This time of year usually prompts a blog post on MLP seasonals. It’s been a reliable topic (see 2015’s Why MLPs Make a Great Christmas Present or 2016’s Give Your Loved One an MLP This Holiday Season). The Alerian MLP Infrastructure Index (AMZI), which is tracked by the Alerian MLP ETF (AMLP) has long displayed a pronounced January effect. Individual investors tend to assess their portfolios around the calendar year end, but the K1s accentuate this effect for MLPs.
If you’re considering selling an MLP, doing so in December instead of January avoids an extra K1 for the stub year. Similarly, a purchase delayed from December to January avoids a one month K1 from the prior year. Using AMZIX data since 1996, the January effect is clearly visible.
The Covid pandemic distorted the pattern somewhat. In March 2020 the AMZIX collapsed, closing the month –48%. It was a miserable time to be invested in the sector. The following month’s rebound was +48%, although that still left the index –34% YTD. Some excessively leveraged operators were partly to blame (see MLP Closed End Funds – Masters Of Value Destruction).
These two months dominate the average March and April returns, rendering the other months seemingly inconsequential.
Five years ago it looked as if the seasonal pattern was weakening (see MLPs Lose That Christmas Spirit) but in hindsight we were just looking back on a period of poor performance during which almost every month was flat or down.
Seasonals are now back in vogue. Sell-side research routinely mentions the January effect. Morgan Stanley noted that year-end, “historically has pointed to positive performance capture in late December through January.” A strategy of going long at the end of November for two months has an average return of +2.9%, roughly a third of the annual return. Morgan Stanley found that since 1996 MLPs have “posted a positive total return from December 15 through the substantive balance of January,” constituting 41% of the total return during that time.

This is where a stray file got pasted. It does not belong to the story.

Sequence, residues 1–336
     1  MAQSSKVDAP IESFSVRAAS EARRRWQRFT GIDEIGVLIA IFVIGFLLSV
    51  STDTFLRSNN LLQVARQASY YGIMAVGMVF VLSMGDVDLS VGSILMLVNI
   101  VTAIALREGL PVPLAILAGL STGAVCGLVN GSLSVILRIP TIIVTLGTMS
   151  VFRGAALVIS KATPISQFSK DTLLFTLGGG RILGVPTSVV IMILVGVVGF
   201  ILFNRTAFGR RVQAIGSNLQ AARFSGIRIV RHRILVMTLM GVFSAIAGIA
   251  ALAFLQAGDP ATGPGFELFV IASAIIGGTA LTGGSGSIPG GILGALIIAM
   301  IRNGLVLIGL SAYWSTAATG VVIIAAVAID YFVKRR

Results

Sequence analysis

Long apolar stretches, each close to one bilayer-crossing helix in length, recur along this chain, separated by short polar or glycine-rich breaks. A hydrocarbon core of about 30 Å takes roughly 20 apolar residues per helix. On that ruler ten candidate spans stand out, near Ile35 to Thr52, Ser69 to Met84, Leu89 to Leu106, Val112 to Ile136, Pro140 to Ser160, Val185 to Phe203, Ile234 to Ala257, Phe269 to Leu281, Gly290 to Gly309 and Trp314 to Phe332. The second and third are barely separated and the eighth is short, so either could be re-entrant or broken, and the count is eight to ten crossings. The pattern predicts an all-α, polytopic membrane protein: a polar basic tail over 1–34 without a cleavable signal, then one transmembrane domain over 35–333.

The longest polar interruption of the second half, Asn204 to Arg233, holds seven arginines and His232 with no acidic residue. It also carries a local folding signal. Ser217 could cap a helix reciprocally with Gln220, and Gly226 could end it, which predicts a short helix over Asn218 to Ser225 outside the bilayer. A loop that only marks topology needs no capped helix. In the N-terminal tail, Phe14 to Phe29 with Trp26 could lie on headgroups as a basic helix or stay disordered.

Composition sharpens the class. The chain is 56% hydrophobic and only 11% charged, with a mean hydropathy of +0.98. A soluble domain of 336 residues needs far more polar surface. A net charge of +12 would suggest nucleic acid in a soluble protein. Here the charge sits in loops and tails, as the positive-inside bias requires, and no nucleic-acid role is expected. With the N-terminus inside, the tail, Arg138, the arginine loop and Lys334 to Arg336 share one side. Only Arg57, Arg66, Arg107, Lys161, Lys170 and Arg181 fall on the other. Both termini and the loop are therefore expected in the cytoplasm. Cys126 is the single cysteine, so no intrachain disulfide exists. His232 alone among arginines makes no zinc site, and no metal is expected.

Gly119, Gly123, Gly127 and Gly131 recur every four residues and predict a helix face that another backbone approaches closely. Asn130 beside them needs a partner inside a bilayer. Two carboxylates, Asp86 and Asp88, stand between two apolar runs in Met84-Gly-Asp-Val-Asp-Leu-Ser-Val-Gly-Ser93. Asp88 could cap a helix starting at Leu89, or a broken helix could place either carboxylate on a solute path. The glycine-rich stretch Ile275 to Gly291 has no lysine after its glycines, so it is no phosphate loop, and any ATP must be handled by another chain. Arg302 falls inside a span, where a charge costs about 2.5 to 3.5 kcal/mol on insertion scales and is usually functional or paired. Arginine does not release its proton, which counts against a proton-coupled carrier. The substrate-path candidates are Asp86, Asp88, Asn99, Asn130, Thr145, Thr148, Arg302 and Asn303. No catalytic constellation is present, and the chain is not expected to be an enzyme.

It has been possible to earn much of the sector’s return with comparatively short holding periods arranged around year’s end.
The effect is less pronounced for the American Energy Independence Index (AEITR), probably because it limits MLPs to 20% so as to be investable in a fund without being taxed as a corporation. Institutions are much less likely to be driven by the calendar, not least because their investment returns are mostly not taxed. The S&P500 exhibits no meaningful seasonal pattern.
Less appreciated is the quarterly pattern around payouts. MLP investors love their distributions, which are generally paid in the first month of the quarter. Because of the distortion caused by Covid in 2020, it’s helpful to look at median returns rather than average. Over the past five and ten years this quarterly pattern is generally visible. For the past decade January was positive seven times and April eight. Oddly, July doesn’t show any seasonality.
Even with the median return, April still stands out as an appealing month. Perhaps a few investors annoyed at the delayed tax filing often caused by K1s decide to sell just as soon as they receive their April distribution. This was even true during the 2013-18 period when no other seasonal pattern was visible. I’ve personally found April to be the most interesting time to make seasonal trades in this sector.
Few MLP investors will find trading their positions appealing. The point of MLPs is to enjoy those tax deferred distributions for as long as possible, putting off indefinitely the recapture of taxes generated by a sale. These holders wouldn’t be interested in the possibility of a quick buck at the risk of an accelerated tax obligation.
In the spirit of open-mindedness and in spite of its numerous shortcomings routinely described on this blog, I can suggest AMLP as a temporary trading vehicle for this purpose. Since it is 100% MLPs it reflects the same seasonal pattern as its index, AMZI. In the past I have found it preferable to use options on AMLP rather than buying or selling the ETF directly. I already have plenty of exposure to the sector, so concluded that for a trade seeking to pick up a few per cent it’s imprudent to add any more long exposure.
In Sunday’s blog I incorrectly said Vettafi, who publishes AMZI, had dropped the 12.5% position limits in their quarterly rebalancing and allowed Energy Transfer to remain at 19.5%, a level it reached both through appreciation and the acquisition of Crestwood. It turns out they were just slow to update their website. TMX Group announced their acquisition of Vettafi last week. Perhaps they were distracted.
We have three have funds that seek to profit from this environment:
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